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Everyone else must fail

Dean Baker rightfully calls out the Washington Post for suggesting, at one and the same time, that there is both a surplus and a shortage of workers, and that to alleviate the shortage, we should “reform” the social security disability system.

At a time of unprecedented inequality, the Washington Post is quick to seize on the country’s real problems: a Social Security disability program that is too generous. The editorial was good enough not to get bogged down in phony arguments. It tells readers explicitly that rampant fraud is not a problem:

“Nor is the program’s growth the result of rampant fraud, as sometimes alleged; structural factors such as population aging explain much recent growth. Nevertheless, at a time of declining workforce participation, especially among so-called prime-age males (those between 25 and 54 years old), the nation’s long-term economic potential depends on making sure work pays for all those willing to work. And from that point of view, the Social Security disability program needs reform.”

So the problem is that the program is too generous for people who might still be able to work in spite of a disability.

Addendum: Where are the Robots?

I forgot to ask this important question. Just last week the Post ran a column that had us terrified that the robots were going to take all the jobs. Now they want us to worry that we don’t have enough workers because they are all living on their $1170 a month disability benefit. In economics this is known as the “which way is up problem?” Ostensibly intelligent people don’t have the slightest clue what they are talking about when it comes to the economy.

via Beat the Press

There’s another point to be made here, and I feel quite qualified to make it, as the bulk of my law practice consists of representing disability claimants. The Post presupposes that getting on disability is a piece of cake, and that all you have to do is quit working, file your application, and start collecting.

But it’s not quite that easy. The threshold question is this: how many people would give up the chance to work and make decent money in order to apply for benefits that can take anywhere from two to eight years to get, when the odds of success over that period are, perhaps, 40%. I’ve been representing claimants for more than 25 years now, and I’ve watched incredulously as relatively reasonable judges have been replaced by people whose sole objective is to deny claims, be they ever so meritorious. Let me share a few war stories, which, I assure you, are now typical. Let me start by clarifying that to get disability you don’t need to be a quadriplegic, you have to be unable to work on a sustained basis, which is a perfectly reasonable standard.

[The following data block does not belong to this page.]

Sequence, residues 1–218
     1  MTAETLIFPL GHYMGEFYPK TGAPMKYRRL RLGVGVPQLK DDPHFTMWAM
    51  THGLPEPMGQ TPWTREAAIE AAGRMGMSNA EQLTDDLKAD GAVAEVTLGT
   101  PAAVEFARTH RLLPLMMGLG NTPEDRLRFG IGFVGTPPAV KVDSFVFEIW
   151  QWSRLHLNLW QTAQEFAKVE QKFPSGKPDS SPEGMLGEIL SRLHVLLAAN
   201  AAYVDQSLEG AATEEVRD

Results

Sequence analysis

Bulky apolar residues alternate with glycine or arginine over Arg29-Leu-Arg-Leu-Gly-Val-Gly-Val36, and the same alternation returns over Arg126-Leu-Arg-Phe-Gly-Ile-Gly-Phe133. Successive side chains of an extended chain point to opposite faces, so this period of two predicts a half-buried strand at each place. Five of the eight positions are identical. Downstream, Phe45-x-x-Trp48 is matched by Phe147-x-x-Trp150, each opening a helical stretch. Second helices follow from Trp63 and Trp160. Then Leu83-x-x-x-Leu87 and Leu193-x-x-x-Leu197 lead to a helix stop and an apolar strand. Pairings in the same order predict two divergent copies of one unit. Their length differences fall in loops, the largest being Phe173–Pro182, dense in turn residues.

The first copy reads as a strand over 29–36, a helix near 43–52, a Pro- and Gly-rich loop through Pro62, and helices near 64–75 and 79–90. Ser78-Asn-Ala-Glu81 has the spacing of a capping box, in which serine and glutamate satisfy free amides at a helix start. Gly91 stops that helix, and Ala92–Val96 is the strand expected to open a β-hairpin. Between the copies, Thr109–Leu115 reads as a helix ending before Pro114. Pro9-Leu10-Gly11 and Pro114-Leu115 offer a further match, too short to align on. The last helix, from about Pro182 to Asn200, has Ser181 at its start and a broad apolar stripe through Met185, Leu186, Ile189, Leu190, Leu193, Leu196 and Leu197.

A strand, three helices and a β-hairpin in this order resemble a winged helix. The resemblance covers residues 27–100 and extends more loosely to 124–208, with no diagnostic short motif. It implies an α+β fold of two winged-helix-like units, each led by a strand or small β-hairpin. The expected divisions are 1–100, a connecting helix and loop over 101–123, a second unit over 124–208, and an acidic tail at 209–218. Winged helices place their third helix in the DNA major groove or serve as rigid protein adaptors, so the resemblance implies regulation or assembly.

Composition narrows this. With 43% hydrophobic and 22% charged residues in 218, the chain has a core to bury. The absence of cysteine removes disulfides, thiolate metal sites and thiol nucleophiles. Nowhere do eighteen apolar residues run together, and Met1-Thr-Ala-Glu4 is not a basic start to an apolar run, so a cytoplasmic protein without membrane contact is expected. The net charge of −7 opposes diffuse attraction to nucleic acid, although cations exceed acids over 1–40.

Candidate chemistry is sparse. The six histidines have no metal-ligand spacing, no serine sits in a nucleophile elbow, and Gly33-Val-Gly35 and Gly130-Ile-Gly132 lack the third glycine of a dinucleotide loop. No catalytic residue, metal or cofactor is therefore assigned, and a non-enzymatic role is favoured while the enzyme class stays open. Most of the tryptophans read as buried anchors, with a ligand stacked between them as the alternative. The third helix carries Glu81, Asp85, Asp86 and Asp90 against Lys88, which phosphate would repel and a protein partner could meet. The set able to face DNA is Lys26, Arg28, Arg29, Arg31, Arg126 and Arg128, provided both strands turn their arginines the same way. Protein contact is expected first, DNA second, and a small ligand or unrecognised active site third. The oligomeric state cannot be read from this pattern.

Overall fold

Consider this language, taken from a case involving a gentleman who has extremely bad knees. The judge is required to explain why he didn’t believe the claimant’s testimony about the extent of his physical limitations. Bear in mind we’re talking about a guy with bad knees.

“The claimant told Dr. [Name redacted]that he lived with his two children, ages 4 and 5, and he continued to drive (Exhibit 1F), which implies he takes care of them. At the hearing, the claimant testified that he lives with his younger, 9-year old son, and his girlfriend, who works as a manager of a wine and spirits shop. He said that he has a driver’s license, has no car, but drives rarely. The claimant testified that he came to Connecticut in 2009 by airplane. He said that since living in Connecticut, he has traveled by airplane to Florida to visit a friend. The claimant testified that he passes time by lying in bed and watching television. He said that he socializes with his girlfriend, but they do not go out. This level of activity is inconsistent with the allegation of total disability (Emphasis added)

That’s right. Somehow watching television lying down is inconsistent with a claim that you have bad knees, as is living in an apartment, and flying in a plane twice in five years. On appeal, the federal court remanded the case. That means the same judge hears the case again, with instructions not to screw up the same way he did the last time. This judge always finds another ridiculous reason to deny. This case has now been going on for 7 years.

Another example. The rules make it a bit easier to get on disability if you are near retirement age anyway. A younger worker must prove there is nothing in the world he or she can do. If you’re over 60, often you need only prove that you can’t do your past job, as the rules recognize the practical difficulty an older worker faces in starting a new career. My client was 62, had experienced several heart attacks and survived cancer. His old job was classified as medium, meaning he was required to lift over 50 pounds frequently. All the doctors that examined his case came to the obvious conclusion that he couldn’t do such a job. But the judge disagreed, because he did therapeutic yoga and he told an examining psychologist that he “took care of the stove”, whatever that means (The judge never asked). The US attorney agreed to send that case back as soon as he looked at the file.

These cases are not unusual. The intellectual dishonesty indulged in by some of these judges almost puts Donald Trump to shame. It is beyond belief that any appreciable number of claimants would opt to experience years of poverty on the off chance that they might get to live on $1,700 a month 5 or 6 years after they apply for benefits.

But, as Baker has pointed out in the past, Jeff Bezo’s rag wants very much to destroy social security. If the elderly should live in poverty, why not the disabled? It comes back to that great line the villain capitalist uttered in Superman 3, with which Jeff surely agrees: It is not enough that I succeed, everyone else must fail.

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